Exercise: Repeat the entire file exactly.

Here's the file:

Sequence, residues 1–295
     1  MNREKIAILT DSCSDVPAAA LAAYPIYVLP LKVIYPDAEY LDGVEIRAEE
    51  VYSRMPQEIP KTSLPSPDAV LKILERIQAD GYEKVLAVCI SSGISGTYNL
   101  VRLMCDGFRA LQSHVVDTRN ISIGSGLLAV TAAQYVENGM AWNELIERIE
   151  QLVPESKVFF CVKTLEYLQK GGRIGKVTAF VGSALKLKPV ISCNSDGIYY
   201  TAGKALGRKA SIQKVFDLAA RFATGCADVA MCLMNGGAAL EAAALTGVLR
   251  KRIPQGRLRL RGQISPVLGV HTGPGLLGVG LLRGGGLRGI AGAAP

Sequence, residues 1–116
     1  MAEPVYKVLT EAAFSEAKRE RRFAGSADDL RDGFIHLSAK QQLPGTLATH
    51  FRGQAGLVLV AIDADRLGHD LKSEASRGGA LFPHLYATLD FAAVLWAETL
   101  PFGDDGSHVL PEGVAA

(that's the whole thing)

Sequence, residues 1–295
     1  MNREKIAILT DSCSDVPAAA LAAYPIYVLP LKVIYPDAEY LDGVEIRAEE
    51  VYSRMPQEIP KTSLPSPDAV LKILERIQAD GYEKVLAVCI SSGISGTYNL
   101  VRLMCDGFRA LQSHVVDTRN ISIGSGLLAV TAAQYVENGM AWNELIERIE
   151  QLVPESKVFF CVKTLEYLQK GGRIGKVTAF VGSALKLKPV ISCNSDGIYY
   201  TAGKALGRKA SIQKVFDLAA RFATGCADVA MCLMNGGAAL EAAALTGVLR
   251  KRIPQGRLRL RGQISPVLGV HTGPGLLGVG LLRGGGLRGI AGAAP

Sequence, residues 1–116
     1  MAEPVYKVLT EAAFSEAKRE RRFAGSADDL RDGFIHLSAK QQLPGTLATH
    51  FRGQAGLVLV AIDADRLGHD LKSEASRGGA LFPHLYATLD FAAVLWAETL
   101  PFGDDGSHVL PEGVAA